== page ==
2. A letter from the Zambia Wildlife Authority (ZAWA) to the US Fish and Wildlife Service and the EU. This letter detailed elephant management plans, storage of recovered ivory, human-elephant conflict resolution plans, plans to reduce poaching, the establishment of an elephant conservation fund, some unsupported statements that that Zambian elephant population is increasing, the allocation of 36 elephants on a trophy hunting quota in 2015 and theoretical distribution of income to communities, an acknowledgement that between 2012 and 2014 381 elephants were poached, etc.

3. A letter from ZAWA dated 22 May 2015 to the EU Directorate General Environment. This letter stated the following:

“ For the past two years Zambia voluntarily suspended hunting to ensure off-take was sustainable for the elephant population, and after careful review, has determined that hunting will provide positive benefits for conservation, anti-poaching, and local communities. The uninformed SRG’s opinion [to pass a previous negative opinion]will negatively affect the hunting industry, which is the main source for revenue for conservation of wildlife in Zambia. It will also deprive communities of needed income that causes them to have positive views about elephant [sic] and decreases Human-Elephant Conflict … The Authority has already received complaints from certain hunting outfitters who have been awarded an elephant quota but whose clients have cancelled scheduled and paid up elephant hunts because  of concerns the EU SRG’s decision will not allow them to import trophies into their countries … It will likely cause job losses to employees … Finally in excess of US$13,500 in direct revenues per elephant hunted is likely to be lost to the Authority as a result of cancellations … these are much needed operating budget funds… etc.”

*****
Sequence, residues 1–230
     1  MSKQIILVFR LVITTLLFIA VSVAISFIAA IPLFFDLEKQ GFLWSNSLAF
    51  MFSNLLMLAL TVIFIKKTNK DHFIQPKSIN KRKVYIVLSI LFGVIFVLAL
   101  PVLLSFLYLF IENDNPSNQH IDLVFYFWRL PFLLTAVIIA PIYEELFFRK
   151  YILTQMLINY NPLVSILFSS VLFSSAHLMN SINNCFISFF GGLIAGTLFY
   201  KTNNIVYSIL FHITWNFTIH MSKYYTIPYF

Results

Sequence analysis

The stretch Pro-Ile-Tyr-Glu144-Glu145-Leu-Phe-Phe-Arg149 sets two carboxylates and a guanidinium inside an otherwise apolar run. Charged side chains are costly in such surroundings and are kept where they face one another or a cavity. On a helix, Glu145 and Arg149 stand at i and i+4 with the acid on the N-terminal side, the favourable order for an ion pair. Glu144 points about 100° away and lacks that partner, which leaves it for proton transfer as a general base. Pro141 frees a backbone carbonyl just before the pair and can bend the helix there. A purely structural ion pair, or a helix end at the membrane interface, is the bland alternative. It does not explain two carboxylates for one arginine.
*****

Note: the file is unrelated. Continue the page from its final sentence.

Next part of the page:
The letter was signed by Kampamba A. Kombe, Acting Director General of ZAWA.